>>> UKVI Guidance: Visiting the UK after Brexit: https://www.gov.uk/guidance/visiting...tent=immediate

    What you’ll need to do to visit the UK after the UK leaves the EU on 29 March 2019, including whether you’ll need to apply for a visa.

    Corrected information about mobile roaming so that it now covers what happens if your SIM card was issued by a mobile phone network from an EEA country

    >>> Tier 1 (Investor) key changes:

    Under the New Rules, the key changes under the Tier 1(Investor) programme are:

    require investors to provide evidence of the source of any investment funds they have obtained within the last two years (up from 90 days at present)
    require UK banks to confirm they have carried out the checks they are required to make before opening an investment account
    exclude investment in government bonds
    tighten the rules around investment in companies

    >>> UKVI Guidance: Points-based system: Tier 5 (Temporary Worker): https://www.gov.uk/government/public...tent=immediate

    Guidance for how UK Visas and Immigration considers applications as a Tier 5 Temporary Worker in the points-based system.

  6. #236
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    14 March 2019 – Just useful and interesting UK & EEA Immigration Law news and updates from the Legal Centre – Open 7 days a week - www.legalcentre.org – Mob : +44(0)7791145923

    >>> No, a visa application sent by post is not an “online application”, sighs judge: https://www.bailii.org/ew/cases/EWCA/Civ/2019/368.html

    A visa application form filled in on a computer, printed off and posted to the Home Office is not an “online application”. That is probably no surprise to anyone but the appellant in R (Shah) v Secretary of State for the Home Department [2019] EWCA Civ 368, who tried to argue that a “print and send” application for a student visa was actually an online application.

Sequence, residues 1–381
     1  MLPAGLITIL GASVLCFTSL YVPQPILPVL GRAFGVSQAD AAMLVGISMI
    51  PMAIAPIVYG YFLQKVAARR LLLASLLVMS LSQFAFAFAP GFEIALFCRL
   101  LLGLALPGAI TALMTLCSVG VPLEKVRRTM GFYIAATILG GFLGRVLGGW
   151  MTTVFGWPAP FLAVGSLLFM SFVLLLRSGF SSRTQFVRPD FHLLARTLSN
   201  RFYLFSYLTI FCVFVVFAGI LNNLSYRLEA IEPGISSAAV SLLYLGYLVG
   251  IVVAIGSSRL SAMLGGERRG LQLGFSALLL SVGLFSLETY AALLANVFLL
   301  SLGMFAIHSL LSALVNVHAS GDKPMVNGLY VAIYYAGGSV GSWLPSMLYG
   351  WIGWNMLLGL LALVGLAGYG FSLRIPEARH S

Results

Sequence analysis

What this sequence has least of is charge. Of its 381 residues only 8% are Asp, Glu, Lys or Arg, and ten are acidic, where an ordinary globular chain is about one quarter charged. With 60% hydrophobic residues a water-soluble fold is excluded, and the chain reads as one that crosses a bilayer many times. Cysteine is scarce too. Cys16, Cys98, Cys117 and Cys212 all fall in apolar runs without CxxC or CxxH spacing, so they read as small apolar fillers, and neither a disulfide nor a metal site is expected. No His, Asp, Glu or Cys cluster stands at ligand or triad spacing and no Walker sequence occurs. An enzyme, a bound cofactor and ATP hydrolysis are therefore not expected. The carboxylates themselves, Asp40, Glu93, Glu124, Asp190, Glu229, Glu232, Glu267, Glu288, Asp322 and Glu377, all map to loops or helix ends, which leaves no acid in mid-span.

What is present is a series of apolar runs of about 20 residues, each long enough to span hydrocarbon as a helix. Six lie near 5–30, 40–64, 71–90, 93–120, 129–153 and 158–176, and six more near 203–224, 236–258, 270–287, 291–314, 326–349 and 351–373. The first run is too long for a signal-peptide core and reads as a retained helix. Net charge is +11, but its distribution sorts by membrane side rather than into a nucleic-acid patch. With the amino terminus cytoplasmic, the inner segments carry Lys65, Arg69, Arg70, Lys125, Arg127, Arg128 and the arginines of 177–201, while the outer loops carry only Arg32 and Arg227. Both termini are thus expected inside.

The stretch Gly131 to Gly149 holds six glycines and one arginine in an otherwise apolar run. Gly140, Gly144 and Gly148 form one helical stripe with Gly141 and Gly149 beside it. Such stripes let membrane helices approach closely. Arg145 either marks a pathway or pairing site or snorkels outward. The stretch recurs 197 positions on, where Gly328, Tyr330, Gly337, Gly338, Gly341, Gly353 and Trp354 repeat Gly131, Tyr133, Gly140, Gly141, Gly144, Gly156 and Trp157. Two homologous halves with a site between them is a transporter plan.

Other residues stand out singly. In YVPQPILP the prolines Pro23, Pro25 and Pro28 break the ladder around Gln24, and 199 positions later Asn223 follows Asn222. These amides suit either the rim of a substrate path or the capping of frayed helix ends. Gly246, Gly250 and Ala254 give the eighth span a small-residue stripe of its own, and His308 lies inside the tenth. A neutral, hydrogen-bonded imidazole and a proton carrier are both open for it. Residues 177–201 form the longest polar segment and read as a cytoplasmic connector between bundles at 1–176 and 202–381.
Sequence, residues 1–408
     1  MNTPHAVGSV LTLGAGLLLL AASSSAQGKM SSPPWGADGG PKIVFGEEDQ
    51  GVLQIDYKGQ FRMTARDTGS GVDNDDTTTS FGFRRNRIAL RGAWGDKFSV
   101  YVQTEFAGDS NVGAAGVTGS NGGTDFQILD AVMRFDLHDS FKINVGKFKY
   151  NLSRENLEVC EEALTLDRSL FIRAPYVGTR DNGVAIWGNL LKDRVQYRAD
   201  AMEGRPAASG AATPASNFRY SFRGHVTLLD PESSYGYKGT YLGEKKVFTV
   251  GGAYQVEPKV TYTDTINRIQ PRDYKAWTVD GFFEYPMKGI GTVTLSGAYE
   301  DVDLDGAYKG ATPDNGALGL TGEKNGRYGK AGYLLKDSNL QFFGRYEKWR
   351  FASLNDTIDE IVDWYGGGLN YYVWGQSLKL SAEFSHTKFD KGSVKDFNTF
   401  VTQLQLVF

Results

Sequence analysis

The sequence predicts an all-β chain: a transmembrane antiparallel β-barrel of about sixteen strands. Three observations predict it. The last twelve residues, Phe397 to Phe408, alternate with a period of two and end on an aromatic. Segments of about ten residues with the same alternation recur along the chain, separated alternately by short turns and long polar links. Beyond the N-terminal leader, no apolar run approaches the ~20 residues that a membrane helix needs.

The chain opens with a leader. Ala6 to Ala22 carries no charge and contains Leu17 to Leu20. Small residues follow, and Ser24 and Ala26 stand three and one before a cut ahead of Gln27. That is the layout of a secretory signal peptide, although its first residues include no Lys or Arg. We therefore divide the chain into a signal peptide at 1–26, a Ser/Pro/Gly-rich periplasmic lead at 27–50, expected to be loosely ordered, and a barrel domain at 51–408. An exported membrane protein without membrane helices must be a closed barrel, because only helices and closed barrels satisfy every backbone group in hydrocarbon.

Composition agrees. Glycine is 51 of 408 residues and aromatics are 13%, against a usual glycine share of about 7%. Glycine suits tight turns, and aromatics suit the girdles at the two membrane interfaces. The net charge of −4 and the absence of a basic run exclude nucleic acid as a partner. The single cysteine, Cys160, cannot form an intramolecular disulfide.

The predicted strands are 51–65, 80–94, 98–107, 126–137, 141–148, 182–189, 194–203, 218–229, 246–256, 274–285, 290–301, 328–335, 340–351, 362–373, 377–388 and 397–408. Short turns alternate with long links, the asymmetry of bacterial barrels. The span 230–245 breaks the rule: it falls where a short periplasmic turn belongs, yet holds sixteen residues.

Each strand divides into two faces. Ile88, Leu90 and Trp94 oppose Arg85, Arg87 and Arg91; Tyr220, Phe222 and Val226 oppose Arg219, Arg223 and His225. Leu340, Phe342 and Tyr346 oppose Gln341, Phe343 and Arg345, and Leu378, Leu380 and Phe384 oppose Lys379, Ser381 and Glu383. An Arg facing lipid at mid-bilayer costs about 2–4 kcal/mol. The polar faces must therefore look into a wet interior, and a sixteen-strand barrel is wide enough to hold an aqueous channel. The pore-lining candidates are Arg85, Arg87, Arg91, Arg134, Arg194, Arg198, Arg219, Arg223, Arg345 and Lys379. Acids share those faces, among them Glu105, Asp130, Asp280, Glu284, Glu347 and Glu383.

Lord Justice Haddon-Cave thought that an “unreal” proposition:

    "In my view, it is quite clear that the “print and send” method used by the Appellant was the “specified application form” method under paragraphs A34-34D of the Immigration Rules and it was not an “on-line application”. The reasons are, frankly, obvious (a) from the face of the official website and the form, (b) from what in fact the Appellant did and (c) from a sensible reading of the Immigration Rules".

    >>> Irish citizens cannot get early release from prison via deportation: https://www.bailii.org/ew/cases/EWHC.../2019/488.html

    A deportation case with a twist: R (Foley) v Secretary of State for the Home Department [2019] EWHC 488 (Admin) involved an Irish citizen who requested deportation but was denied it. The judgments make the rationale for what seems an odd request maddeningly obscure, but the reason is simple: being deported means being released from prison earlier would otherwise have been the case.

    >>> Supreme Court: second or subsequent human rights claims do not attract automatic right of appeal: https://www.supremecourt.uk/cases/uksc-2017-0211.html

    The Supreme Court has finally laid to rest the argument that second or subsequent human rights or asylum claims automatically attract a right of appeal under the appeal regime of the Immigration Act 2014. They don’t, say their lordships. The meaning of “human rights claim” in section 82 as amended is to be read as “original human rights claim”. It follows that “protection claim” should be read in the same way.

  7. #237
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    15 March 2019 – Just useful and interesting UK & EEA Immigration Law news and updates from the Legal Centre – Open 7 days a week - www.legalcentre.org – Mob : +44(0)7791145923